Wednesday, July 19, 2017

The Golden Ratio

Have you ever heard of the Golden Number? The Divine Proportion? Nature's greatest secret, the deepest mystery on earth, and the world's most astonishing number? No? Well, it might be the second most hyped number after Pi, and it's the subject of such things as this website, this video, and this book. If you believe these sources, then the Golden Number (or Phi) is a mysterious value with strange properties that appears in random places and dictates the rules of all of human civilization and perhaps all of the entire universe as well.

Then, there's The Golden Ratio, a book about Phi which tries to dispel some of the mystique around it. Not all of the mystique, but some of it. It addresses both the mathematical properties of Phi (like its connection with Fibonacci numbers) and the more wiggly properties of Phi (like its use in art as a standard for beauty). I think it does a good job of remaining mostly impartial, denying claims which are probably not true (like that the egyptians built the pyramids using Phi) and verifying claims that are true (such as Phi's prevalence in art after Luca's book The Divine Proportion).

So, if you're looking at all the hype and thinking to yourself wait but no that's not how the universe works, then you might want to give The Golden Ratio a read. And, if you're totally a Phi fanatic, you might want to read it too, just to see what the fuss is about. And, if you've never even heard of this number before, then you can go read something else. I hear Leviathan Wakes is pretty cool.

P.S. One problem is that it doesn't quite explain all of the mathematics in an intuitive way. If only someone were to do that, possibly in some sort of visual episodic format. Alas, that will likely never happen.

Tuesday, July 18, 2017

Caliban's War (The Expanse book 2)

Caliban's War is the second book in the Expanse series. It's still the future, and everything is mostly fine as long as you don't think about Venus so don't think about Venus. The three superpowers (Earth, Mars, and the Belt) are eyeing each other nervously. As long as nobody rocks the boat, and Venus stays quiet, it looks like things will go back to normal soon.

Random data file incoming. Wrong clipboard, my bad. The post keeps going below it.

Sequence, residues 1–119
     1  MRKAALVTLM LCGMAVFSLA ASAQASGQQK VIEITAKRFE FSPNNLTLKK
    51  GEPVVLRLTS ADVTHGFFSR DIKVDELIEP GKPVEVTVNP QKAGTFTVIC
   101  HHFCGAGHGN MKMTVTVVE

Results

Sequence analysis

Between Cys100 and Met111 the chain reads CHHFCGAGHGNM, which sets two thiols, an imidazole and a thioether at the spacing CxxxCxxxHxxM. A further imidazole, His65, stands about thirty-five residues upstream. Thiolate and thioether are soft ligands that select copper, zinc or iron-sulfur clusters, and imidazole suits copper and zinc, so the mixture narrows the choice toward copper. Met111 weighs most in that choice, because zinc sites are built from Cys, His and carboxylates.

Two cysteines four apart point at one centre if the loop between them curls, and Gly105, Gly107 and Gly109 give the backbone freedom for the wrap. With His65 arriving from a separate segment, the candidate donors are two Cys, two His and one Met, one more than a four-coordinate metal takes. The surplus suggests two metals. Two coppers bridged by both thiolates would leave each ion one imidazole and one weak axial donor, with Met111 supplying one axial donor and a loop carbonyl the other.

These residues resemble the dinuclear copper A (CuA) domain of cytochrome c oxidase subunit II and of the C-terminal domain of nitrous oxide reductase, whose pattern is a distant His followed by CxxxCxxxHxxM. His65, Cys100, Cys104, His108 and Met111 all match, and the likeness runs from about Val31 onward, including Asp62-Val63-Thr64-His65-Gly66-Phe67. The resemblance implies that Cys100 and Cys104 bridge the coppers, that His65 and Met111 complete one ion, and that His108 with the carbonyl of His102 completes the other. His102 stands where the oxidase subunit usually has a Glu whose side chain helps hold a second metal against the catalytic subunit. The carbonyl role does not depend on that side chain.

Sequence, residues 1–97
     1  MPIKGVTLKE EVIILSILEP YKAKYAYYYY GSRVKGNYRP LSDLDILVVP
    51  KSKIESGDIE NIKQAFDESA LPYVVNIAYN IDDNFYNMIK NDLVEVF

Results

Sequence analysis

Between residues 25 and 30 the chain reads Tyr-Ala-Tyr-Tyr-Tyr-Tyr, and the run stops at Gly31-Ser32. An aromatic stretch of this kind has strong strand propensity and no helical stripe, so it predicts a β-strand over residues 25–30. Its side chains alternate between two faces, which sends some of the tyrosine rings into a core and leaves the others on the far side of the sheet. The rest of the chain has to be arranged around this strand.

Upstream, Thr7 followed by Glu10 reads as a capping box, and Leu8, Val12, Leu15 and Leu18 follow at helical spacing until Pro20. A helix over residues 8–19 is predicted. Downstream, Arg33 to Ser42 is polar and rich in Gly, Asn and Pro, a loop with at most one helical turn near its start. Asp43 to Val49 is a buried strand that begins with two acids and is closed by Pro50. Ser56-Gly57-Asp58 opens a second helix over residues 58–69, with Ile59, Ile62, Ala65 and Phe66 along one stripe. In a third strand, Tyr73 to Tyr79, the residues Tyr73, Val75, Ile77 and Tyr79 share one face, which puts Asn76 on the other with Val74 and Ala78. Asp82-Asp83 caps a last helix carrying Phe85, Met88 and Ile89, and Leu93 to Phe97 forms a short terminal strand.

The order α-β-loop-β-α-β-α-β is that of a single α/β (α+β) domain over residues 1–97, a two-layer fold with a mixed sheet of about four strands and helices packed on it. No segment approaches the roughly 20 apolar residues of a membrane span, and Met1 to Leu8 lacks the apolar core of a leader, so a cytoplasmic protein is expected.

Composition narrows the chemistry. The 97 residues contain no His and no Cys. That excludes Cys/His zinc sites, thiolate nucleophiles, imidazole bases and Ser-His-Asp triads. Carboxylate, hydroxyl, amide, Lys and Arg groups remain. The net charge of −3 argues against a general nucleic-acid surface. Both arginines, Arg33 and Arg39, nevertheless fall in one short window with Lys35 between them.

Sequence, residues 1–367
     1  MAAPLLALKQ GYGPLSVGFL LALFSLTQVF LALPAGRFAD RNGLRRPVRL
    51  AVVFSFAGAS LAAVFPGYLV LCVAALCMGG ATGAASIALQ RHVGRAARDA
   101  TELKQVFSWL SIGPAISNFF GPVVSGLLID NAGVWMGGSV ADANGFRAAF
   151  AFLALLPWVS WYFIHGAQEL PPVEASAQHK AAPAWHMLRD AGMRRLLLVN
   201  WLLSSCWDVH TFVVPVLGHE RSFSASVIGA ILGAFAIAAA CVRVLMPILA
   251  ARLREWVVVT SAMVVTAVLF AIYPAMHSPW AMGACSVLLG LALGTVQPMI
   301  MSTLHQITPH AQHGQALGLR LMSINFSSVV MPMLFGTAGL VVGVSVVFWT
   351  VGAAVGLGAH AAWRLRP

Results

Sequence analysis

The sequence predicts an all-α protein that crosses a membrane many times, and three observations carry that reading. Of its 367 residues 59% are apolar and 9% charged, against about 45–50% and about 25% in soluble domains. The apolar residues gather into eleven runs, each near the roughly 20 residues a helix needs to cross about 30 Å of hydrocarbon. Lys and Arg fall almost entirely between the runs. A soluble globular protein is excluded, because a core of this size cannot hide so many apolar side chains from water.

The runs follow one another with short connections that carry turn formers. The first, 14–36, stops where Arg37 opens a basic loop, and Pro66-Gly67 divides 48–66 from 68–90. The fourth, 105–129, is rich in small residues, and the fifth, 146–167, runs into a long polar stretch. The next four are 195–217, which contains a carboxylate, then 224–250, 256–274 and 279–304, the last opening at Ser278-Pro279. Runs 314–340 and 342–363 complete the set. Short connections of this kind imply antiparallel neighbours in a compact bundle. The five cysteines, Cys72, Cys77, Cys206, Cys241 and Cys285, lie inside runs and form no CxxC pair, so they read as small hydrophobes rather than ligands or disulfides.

Bobbie Draper is working on Ganymede, a moon where scientists do farming. She's in the Martian military, and her job is to stare at the Earth military while farming happens. Because, seriously, who would attack a farm moon? Then a lanky humanoid with huge hands and a huge head rips through both teams and violently explodes. Bobbie is the only survivor. Now, she's got one thing on her mind: revenge. And also I think she has PTSD.

But, she wasn't the only person on Ganymede. There was also Praxidike Meng, or "Prax," one of the aforementioned farm scientists. Now his science farm has been destroyed, along with most of his life's work. At least he still has his daughter, Amy or somethingMei, who was kidnapped shortly before the monster appeared so okay maybe he doesn't have his daughter. Still, he has a slim hope of finding her, so that's what he'll do.

Back on Earth, Chrisjen Avasarala is hard at work as a politician trying to keep the solar system falling apart. Then this whole Ganymede business happens, and things start really getting bad. Also, Venus seems to be acting up a bit. Try not to think about it. Anyways, she's got to put all the pieces together and figure out who done the monster, and also make some friends.

And James Holden is still there, with his crew, trying to deal with things as best he can. He messes up slightly less in this one. I think he's learning.

So, to be honest, I liked the original book better than this one. First of all, Leviathan Wakes straight-up had more action, and I like my boom boom bang. Second, I feel like only having two main characters, rather than the four in Caliban's War, kept things simpler and more predictable, which I felt was a good thing. There's no character order in Caliban's War, so it sometimes just flips between two characters without addressing the other two, which lessens a bit the feeling of everything is going wrong everywhere.